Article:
Ivan Paulovich
Ivan Paulovich Agile .NET developer focused on Clean architecture. I enjoy implementing solutions based on use cases and decoupled from technology details.

Clean Architecture Essentials

Clean Architecture Essentials

The “Software Architecture”

We usually see Software Architecture descriptions like “The software architecture is an ASP.NET Web API with Entity Framework Core and SQL Server”. This article explains why you should describe software by the use cases instead of layers and the frameworks it uses.

Secondly, I will distill the Clean Architecture Principles.

Architecture is About Usage

By a quick look at the following blueprint, you can easily guess it is for a church, a theater or a place that people can gather together. Mostly because there is an open space with many benches focused on the same direction, big doors so a large number of people can enter and leave quickly.

Church Blueprint

It is not a house blueprint, right?

The challenge in software design is to scream the use cases in source code in a way that the first look tells us what the software does instead of frameworks that it is made of.

The default approach of software development is to prioritize the frameworks and technology details. An e-commerce website will scream Web at you, Model-View-Controller or any other framework building blocks.

Could we design the software in a different way? Let’s introduce Clean Architecture.

Clean Architecture

The Clean Architecture style aims for a loosely coupled implementation focused on use cases and it is summarized as:

  1. It is an architecture style that the Use Cases are the central organizing structure.
  2. Follows the Ports and Adapters pattern.
    • The implementation is guided by tests (TDD Outside-In).
    • Decoupled from technology details.
  3. Follows lots of principles (Stable Abstractions Principle, Stable Dependencies Principle, SOLID and so on).

Use Cases

Use Cases are algorithms that interpret the input to generate the output data, their implementation should be closer as possible to the business vocabulary.

When talking about a use case, it does not matter if it a Mobile or a Desktop application, use cases are delivery independent. The most important about use cases is how they interact with the actors.

  • Primary actors initiate a use case. They can be the End User, another system or a clock.
  • Secondary actors are affected by use cases.

A set of use cases is used to describe software. Following the Customer primary actor on the left side, in the middle the Ticket Terminal system and the secondary actors on the right side:

Ticket Terminal Use Cases

This article uses code snippets from sample applications and talks. If you are familiar with .NET, these GitHub projects host the full implementation:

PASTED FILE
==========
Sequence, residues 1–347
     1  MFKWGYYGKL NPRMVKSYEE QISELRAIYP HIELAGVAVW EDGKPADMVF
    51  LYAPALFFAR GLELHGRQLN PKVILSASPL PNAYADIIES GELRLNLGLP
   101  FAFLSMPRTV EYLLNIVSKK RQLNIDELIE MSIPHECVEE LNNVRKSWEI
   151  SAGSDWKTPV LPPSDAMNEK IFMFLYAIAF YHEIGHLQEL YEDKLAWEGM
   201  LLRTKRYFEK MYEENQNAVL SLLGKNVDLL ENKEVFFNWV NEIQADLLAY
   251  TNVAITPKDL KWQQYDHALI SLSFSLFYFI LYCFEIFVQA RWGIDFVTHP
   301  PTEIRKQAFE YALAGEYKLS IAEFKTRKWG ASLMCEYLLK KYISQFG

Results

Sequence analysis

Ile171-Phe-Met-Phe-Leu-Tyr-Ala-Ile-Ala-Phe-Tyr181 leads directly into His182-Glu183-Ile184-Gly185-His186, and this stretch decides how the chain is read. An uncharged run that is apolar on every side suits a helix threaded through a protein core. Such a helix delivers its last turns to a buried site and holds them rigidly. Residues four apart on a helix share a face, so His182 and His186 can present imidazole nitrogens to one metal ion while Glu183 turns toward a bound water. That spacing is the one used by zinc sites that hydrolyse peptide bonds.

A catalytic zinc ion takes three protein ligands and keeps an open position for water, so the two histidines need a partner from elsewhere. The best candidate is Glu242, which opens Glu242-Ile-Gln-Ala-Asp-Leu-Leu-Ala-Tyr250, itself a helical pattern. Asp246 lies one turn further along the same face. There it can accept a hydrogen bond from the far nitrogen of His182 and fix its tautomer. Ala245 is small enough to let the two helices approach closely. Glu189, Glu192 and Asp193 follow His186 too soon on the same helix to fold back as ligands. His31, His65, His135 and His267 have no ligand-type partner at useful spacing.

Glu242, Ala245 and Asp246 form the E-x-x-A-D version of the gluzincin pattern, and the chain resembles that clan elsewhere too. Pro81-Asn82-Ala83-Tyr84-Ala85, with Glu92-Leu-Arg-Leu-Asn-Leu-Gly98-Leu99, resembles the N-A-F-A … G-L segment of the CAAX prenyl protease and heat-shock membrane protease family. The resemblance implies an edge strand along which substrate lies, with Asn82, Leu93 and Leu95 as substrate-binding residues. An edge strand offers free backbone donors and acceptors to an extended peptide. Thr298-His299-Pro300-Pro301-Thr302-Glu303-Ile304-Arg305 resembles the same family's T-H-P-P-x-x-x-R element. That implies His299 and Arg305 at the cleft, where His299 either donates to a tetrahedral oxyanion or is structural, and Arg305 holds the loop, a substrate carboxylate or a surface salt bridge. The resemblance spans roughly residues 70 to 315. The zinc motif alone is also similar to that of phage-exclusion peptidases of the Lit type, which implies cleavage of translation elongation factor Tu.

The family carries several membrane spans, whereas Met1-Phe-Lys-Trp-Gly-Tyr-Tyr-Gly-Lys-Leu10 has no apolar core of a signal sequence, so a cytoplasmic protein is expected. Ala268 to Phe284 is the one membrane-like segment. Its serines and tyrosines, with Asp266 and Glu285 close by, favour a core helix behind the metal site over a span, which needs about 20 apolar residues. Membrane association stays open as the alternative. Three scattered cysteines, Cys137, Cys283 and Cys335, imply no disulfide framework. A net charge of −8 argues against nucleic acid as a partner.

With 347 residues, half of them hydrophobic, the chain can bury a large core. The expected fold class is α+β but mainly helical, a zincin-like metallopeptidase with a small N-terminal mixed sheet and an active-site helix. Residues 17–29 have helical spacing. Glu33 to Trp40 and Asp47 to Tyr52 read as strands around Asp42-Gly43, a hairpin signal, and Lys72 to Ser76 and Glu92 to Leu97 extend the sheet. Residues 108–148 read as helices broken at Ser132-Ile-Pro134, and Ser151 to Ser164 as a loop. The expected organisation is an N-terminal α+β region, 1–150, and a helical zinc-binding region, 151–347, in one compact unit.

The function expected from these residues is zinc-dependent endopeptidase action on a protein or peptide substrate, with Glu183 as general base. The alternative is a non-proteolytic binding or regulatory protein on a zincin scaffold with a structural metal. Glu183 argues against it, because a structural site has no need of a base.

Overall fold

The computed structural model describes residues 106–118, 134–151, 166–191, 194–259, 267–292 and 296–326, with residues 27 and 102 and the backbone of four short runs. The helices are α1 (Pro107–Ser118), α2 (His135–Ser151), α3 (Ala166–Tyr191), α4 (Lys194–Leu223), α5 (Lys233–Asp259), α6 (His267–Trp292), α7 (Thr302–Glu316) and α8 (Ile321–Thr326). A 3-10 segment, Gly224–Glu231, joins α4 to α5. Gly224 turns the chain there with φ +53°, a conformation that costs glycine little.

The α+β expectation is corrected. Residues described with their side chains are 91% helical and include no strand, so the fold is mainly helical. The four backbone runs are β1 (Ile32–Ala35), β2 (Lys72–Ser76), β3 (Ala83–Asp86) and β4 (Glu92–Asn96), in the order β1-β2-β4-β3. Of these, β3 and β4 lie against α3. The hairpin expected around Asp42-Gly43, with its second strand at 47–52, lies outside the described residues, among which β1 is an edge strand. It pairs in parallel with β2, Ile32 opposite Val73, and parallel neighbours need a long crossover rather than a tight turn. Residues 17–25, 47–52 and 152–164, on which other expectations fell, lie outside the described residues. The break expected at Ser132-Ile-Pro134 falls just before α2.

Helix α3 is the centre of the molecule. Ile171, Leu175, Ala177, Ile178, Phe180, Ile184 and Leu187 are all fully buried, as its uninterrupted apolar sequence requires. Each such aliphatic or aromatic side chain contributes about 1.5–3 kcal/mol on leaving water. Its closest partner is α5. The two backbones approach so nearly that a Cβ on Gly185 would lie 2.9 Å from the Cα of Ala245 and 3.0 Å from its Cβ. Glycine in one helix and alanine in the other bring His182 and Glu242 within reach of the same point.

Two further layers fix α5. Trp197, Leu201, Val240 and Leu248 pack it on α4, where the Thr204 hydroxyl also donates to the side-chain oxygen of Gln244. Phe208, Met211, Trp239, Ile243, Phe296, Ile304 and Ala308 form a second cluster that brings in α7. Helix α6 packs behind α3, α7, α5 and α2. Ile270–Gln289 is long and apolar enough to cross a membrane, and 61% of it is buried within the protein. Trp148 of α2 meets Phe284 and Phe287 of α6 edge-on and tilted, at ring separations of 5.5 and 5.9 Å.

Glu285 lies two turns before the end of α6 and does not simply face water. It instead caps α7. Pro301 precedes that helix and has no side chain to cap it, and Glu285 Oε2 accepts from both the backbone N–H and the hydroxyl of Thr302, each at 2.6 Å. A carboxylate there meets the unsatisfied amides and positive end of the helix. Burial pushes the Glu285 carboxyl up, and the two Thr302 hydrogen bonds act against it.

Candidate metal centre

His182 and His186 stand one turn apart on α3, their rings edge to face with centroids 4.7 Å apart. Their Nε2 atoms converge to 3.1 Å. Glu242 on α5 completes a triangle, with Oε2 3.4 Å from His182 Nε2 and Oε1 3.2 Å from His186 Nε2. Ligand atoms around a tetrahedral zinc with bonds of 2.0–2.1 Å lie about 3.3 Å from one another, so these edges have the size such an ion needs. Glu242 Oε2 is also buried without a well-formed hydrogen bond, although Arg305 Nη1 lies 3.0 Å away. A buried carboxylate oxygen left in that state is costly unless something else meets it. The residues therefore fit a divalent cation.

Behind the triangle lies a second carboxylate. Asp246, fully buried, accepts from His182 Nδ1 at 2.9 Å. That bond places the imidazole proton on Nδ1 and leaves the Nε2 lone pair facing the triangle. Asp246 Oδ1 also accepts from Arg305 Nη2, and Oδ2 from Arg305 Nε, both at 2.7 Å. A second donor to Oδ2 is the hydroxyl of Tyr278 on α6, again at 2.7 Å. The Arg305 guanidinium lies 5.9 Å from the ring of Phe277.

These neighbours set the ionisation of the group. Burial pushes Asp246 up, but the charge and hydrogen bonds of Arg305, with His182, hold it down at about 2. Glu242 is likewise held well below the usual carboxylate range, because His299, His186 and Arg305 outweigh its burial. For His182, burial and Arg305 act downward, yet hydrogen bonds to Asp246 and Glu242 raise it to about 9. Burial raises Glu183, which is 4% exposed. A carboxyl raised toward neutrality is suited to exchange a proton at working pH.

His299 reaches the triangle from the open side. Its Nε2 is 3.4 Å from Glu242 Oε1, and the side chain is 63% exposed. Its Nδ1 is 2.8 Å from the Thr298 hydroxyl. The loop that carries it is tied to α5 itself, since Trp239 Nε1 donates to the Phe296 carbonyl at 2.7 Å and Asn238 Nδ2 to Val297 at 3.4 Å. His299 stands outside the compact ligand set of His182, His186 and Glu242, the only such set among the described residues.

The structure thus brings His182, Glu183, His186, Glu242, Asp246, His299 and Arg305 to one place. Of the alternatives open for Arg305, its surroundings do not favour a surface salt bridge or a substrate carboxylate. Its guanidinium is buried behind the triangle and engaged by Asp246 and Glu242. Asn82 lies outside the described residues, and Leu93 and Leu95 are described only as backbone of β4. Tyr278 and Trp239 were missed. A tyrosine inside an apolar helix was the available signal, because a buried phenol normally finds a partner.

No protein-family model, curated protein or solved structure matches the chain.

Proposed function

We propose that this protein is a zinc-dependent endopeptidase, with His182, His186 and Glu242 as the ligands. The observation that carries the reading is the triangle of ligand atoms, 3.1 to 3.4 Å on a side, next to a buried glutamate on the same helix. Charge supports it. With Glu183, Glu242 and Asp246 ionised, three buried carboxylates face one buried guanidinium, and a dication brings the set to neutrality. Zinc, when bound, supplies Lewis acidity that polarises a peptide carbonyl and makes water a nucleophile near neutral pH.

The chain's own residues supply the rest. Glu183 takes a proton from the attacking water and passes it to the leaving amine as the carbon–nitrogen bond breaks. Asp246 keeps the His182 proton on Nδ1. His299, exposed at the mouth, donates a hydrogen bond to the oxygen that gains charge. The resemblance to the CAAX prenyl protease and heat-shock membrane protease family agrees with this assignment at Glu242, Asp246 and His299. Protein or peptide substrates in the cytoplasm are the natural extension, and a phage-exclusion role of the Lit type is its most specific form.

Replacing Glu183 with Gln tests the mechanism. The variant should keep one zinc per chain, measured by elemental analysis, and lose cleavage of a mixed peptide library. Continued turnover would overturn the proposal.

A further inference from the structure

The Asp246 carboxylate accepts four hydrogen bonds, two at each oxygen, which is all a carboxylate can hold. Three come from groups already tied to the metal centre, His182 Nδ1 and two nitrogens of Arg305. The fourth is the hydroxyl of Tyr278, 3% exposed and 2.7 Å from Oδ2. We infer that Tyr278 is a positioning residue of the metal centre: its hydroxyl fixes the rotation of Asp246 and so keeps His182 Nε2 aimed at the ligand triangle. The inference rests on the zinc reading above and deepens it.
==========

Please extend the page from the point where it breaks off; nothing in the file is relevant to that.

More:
Following the project structure:

Structure

Following the Register Use Case implementation:

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public sealed class Register : IUseCase
{
    public async Task Execute(RegisterInput input)
    {
        var customer = _entityFactory.NewCustomer(input.SSN, input.Name);
        var account = _entityFactory.NewAccount(customer);

        var credit = account.Deposit(_entityFactory, input.InitialAmount);
        customer.Register(account);

        await _customerRepository.Add(customer);
        await _accountRepository.Add(account, credit);
        await _unitOfWork.Save();

        var output = new RegisterOutput(customer, account);
        _outputPort.Standard(output);
    }

    // properties and constructor ommited
}

The use cases are first-class objects in the application and WebApi layers. By a quick look at the use case names in the source tree, you can guess that the source code is for a Wallet software.

In natural language the RegisterUseCase steps are:

  • Instantiate a Customer.
  • Open up an Account then Deposit an Initial Amount.
  • Save the data.
  • Write a message to the output port.

Ports and Adapters a.k.a Hexagonal Architecture

Clean Architecture applies the Separation of Concerns Principle through the Ports and Adapters pattern. This means that the application layer exposes Ports (Interfaces) and Adapters are implemented in the infrastructure layer.

  • Ports can be an Input Port or an Output Port. The Input Port is called by the Primary Actors and the Output Ports are invoked by the Use Cases.
  • Adapters are technology-specific.

Ports and Adapters

This is the preferred architectural style for microservices. Unfortunately, I see lots of incomplete implementations and source code that do not get the most of the pattern.

The previous picture shows for each dependency two implementations, one Fake (Test Double) implementation, and one Real Implementation. The purpose of it is to make possible to run the software independently of external dependencies.

A Fake implementation provides an illusion of external dependencies, it has the same capabilities expected from the real implementation and it runs without I/O.

The issue that I see in many codebases is the focus on implementing tests against Mocks which can only run through Unit Tests. A fake could run in the Production environment, can help the developer get feedback and it really pays back the investment.

Let’s start with the Hexagonal Architecture style intent:

Develop, test and run an application in isolation of external devices. Allows a developer to get feedback after every new implementation.

Follow TDD Outside-in in order to achieve the intent:

  1. Start the development from the Test Cases, implement the Use Cases.
  2. When you find a dependency, instead of implementing the real one start by creating a Fake (Test Double).
  3. Get Feedback, make possible to run your application against the Fakes. You can even publish it to production.
  4. Implement the real adapter in isolation.
  5. The last step is to create the User Interface.

Principles

Clean Architecture is full of principles, let’s analyze code snippets for the different levels of Stability and Abstraction: